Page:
That’s when I got to thinking. Did you ever notice how some people will do just about anything for money? No? Oh, well, me neither. I’m too caught up in my own life to be concerned with the problems caused by greed (e.g. wars, poverty, climate change, a broken healthcare system) until those issues start impacting me and mine. Of course, by then, it’ll probably be too late for the good old USA, if not the planet.

But, honestly, who cares? Especially when we can take advantage of the downtrodden along the way through stuff like payday loans, pawn shops (as long as they’re not downtown), home foreclosures, corporate takeovers of public institutions, you name it! No sir, life is still good for the 1% and their uncritical followers. In fact, not being critical is the key to it all. Ignorance is bliss as the saying goes.

I mean, sure, being critical has its advantages. It allows people to become independent, productive citizens who make informed decisions and help protect society from the uncontrolled selfishness that leads to so much of the chaos in the world. Beyond that, though, it’s kind of limited. I don’t know about you, but I’d much rather have giant displays of voluptuous women selling… anything.

Am I Chicken Little Or Is Everyone Else A Little Chicken?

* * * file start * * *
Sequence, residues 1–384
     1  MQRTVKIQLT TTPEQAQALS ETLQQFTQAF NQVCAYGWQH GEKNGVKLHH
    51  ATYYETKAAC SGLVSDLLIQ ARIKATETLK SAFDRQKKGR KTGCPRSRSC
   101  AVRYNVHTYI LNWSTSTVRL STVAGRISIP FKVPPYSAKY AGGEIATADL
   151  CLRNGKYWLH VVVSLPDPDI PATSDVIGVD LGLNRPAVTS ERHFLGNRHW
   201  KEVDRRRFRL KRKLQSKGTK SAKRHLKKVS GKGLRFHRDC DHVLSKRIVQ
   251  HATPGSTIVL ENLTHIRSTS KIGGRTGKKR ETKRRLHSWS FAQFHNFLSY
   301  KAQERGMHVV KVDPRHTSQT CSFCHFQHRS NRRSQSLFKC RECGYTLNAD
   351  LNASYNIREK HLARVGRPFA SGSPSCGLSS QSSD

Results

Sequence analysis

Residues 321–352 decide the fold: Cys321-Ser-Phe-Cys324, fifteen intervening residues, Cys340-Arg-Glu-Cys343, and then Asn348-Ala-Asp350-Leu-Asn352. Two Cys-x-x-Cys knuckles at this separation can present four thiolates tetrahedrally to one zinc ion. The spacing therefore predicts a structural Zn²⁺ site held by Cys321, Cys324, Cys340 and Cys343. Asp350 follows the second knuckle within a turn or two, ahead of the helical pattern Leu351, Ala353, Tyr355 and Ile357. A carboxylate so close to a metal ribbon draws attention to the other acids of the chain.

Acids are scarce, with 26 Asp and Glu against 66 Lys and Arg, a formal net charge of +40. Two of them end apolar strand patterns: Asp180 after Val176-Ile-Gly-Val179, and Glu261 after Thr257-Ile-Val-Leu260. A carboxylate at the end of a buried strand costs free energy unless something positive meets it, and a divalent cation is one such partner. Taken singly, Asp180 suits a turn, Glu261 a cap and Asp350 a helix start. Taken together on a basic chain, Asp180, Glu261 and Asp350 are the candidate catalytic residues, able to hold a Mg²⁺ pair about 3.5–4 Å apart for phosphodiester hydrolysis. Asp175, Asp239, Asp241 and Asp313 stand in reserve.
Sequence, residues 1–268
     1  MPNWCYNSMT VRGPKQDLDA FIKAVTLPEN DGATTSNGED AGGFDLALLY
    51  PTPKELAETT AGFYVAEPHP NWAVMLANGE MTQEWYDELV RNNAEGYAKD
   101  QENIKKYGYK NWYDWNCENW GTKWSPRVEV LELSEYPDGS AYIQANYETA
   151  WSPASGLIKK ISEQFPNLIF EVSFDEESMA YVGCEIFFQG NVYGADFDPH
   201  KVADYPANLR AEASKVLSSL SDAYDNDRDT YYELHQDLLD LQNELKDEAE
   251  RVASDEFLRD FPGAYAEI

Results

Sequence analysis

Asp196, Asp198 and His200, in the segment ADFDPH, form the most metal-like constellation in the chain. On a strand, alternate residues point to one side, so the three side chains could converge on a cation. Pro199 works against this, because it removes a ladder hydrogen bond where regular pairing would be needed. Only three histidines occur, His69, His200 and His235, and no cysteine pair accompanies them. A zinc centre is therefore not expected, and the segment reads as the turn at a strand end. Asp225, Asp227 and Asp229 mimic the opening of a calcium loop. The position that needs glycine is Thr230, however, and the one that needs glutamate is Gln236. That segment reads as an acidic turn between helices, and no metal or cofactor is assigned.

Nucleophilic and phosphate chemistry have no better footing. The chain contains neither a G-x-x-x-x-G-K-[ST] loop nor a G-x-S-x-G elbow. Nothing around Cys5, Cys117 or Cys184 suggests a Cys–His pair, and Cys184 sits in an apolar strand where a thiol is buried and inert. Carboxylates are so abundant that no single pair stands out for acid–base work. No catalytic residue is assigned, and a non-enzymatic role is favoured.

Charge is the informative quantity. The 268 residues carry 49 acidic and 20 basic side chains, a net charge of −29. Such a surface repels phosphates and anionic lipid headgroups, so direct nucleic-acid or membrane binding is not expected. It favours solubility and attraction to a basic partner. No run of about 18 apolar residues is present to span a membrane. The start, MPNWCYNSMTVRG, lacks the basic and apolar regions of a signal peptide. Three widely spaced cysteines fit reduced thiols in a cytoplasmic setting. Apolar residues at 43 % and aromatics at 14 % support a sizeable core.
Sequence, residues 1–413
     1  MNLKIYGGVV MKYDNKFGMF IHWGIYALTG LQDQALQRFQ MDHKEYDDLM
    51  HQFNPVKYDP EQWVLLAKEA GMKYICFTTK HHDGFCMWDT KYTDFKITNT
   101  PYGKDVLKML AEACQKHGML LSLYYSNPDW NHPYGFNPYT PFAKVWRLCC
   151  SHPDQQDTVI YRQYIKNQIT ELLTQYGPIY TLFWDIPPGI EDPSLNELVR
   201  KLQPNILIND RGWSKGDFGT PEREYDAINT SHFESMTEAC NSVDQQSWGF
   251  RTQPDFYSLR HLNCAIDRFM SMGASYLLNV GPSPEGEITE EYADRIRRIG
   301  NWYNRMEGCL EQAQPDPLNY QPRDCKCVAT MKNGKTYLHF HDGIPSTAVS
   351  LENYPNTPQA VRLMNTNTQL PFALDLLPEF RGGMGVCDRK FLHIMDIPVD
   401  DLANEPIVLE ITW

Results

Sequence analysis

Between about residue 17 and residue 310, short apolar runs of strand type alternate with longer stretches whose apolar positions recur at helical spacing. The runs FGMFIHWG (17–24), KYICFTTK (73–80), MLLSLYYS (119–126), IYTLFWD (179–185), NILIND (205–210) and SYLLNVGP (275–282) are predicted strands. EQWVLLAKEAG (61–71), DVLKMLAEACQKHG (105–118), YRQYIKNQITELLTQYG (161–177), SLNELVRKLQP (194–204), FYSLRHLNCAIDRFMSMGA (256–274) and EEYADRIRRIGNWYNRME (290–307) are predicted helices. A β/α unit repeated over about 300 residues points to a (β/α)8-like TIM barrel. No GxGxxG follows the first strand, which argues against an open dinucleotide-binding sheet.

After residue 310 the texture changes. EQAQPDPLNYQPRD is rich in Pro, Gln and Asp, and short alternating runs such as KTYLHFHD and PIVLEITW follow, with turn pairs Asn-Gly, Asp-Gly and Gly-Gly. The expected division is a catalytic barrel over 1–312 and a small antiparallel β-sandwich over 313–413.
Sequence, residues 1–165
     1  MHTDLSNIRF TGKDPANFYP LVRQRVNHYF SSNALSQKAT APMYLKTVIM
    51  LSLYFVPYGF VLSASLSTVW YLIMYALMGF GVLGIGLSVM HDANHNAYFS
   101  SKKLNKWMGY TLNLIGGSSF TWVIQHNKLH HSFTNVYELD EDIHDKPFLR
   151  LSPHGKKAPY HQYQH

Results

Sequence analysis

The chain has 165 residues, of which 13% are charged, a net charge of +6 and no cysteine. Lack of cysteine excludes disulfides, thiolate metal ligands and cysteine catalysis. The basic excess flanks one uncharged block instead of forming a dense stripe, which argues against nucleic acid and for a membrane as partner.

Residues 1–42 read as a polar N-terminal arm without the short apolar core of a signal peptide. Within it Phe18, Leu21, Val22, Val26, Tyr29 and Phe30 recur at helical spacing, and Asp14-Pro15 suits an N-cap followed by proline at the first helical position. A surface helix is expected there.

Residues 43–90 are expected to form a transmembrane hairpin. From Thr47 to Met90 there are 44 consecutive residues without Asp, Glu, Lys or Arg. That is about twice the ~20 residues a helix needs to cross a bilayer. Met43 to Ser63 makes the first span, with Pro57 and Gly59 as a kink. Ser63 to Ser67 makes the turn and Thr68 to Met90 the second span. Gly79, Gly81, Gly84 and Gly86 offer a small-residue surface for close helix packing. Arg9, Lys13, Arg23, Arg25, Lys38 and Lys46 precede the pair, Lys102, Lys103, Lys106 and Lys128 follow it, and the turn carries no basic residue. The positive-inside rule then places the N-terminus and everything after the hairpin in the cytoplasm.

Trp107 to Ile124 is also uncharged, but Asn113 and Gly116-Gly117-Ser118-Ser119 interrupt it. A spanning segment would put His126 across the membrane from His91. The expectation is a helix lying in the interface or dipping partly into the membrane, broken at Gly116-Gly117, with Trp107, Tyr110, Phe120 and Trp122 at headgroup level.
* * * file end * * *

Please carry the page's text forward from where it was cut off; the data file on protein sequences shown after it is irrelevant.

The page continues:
November 19, 2011

I recently read Reckless Endangerment: How Outsized Ambition, Greed, and Corruption Led to Economic Armageddon by Gretchen Morgensen and Josh Rosner. The authors (Morgensen, a New York Times Pulitzer Prize-winning columnist, and Rosner, the Managing Director at the independent research consultancy Graham Fisher & Co who advises regulators and institutional investors on housing and mortgage finance issues) do an excellent job of breaking down this complex topic into understandable terms. They reveal how the financial meltdown emerged from the corrupt practices, not only of Fannie Mae executives, but also of enablers at Countrywide Financial, Goldman Sachs, the Federal Reserve, HUD, Congress, the FDIC, and the biggest players on Wall Street, which led countless officials to ignore warning signs of an imminent disaster.

As I read the book, I couldn’t help but draw parallels between the factors that caused the mortgage crisis and what is currently happening in the national education reform movement. During the past two years, the Bullraker blog has been filled with posts trying to warn readers of the consequences of some of the reforms (e.g. privately-run, publicly funded charter schools and digital learning environments), which have far less educational value to students than financial value to investors, tech companies, and politicians.